Last week, a private tour bus traveling from Connecticut with 32 passengers crashed on the Westchester County/Bronx border, killing 15.
Only days later, another bus traveling from New York City en route to Philadelphia crashed in New Jersey, killing the driver and a passenger.
And on Monday, March 21, a tour bus owned by a Flushing-based company carrying Korean vacationers to Boston from Quebec crashed in New Hampshire, injuring five seriously and a total of 23 all together.
The local police and the National Transportation Safety Board (NTSB) continue with the investigations in all the crashes tragedies.
Early fingers point to possible driver fatigue, drivers who may have lied about suspended licenses and other non-inspectable causes.
We are sure that the authorities conduct regular bus inspections throughout the year. New York State Department of Transportation (DOT) Commissioner Joan McDonald cited over 160,000 such safety inspections to remove the unsafe drivers and buses from the roads.
New York State Police Superintendent Joseph A. D’Amico echoed that thousands of roadside safety and regular commercial vehicle inspections are conducted each year by the New York State DOT and the State Police.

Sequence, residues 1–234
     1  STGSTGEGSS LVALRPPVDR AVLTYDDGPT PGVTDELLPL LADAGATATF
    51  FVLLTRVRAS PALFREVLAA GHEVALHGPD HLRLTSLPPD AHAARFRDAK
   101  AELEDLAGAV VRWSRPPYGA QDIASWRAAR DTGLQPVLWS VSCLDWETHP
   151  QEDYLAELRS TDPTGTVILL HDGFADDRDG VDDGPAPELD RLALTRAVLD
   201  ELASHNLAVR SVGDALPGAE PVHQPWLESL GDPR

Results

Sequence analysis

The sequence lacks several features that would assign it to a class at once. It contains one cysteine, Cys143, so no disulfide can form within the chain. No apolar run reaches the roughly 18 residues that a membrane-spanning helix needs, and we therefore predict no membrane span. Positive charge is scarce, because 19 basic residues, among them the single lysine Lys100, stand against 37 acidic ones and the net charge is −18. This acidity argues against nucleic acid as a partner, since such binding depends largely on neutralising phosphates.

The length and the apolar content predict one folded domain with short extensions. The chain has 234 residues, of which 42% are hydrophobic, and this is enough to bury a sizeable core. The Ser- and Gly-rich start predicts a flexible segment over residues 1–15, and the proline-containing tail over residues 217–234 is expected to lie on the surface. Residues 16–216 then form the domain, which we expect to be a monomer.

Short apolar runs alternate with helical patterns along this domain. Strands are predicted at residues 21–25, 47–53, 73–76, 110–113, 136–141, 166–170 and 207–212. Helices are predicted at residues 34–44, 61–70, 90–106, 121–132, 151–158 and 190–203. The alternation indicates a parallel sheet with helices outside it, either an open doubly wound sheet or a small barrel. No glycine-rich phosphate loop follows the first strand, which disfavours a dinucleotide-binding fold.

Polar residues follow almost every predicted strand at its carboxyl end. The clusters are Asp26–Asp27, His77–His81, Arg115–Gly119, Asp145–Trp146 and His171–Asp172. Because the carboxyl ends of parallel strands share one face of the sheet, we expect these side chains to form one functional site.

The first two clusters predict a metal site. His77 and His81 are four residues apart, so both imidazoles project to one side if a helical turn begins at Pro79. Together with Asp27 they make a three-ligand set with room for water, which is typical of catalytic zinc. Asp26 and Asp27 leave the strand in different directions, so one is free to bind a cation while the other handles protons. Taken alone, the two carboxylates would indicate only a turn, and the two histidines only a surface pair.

A recent stepped-up spate of commercial vehicle inspection and enforcement efforts resulted in 10 drivers being taken off the state’s roads. Of the 36 buses inspected, all were found to be safe.
The drivers’ infractions involved driving too many hours, according to their mandatory log books.
Ophadel Williams, the driver in the deadly Westchester/Bronx crash on March 12, apparently lied about the status of his license and his use of multiple names and at least one suspension under one of the names.
No one can inspect lies. But we can increase and strengthen the licensing process, proof of identity requirements and include harsh new penalties for lying to conceal other violations.
We feel that the current heightened level of safety inspections at points of origin or roadside must be maintained to weed out the few bad drivers in the private and commercial bus fleets.
We call on the authorities to review and strengthen the penalties for covering up bad driving records and license suspensions. All passengers deserve a safe, expeditious ride on our state’s highways and byways.
These penalties should be extended to private vehicle drivers too. All too often the drunk driver involved in deadly crashes is driving with multiple suspensions on his or her license. If these drivers are caught driving illegally – without a valid license – they should be jailed and their vehicles should be seized too.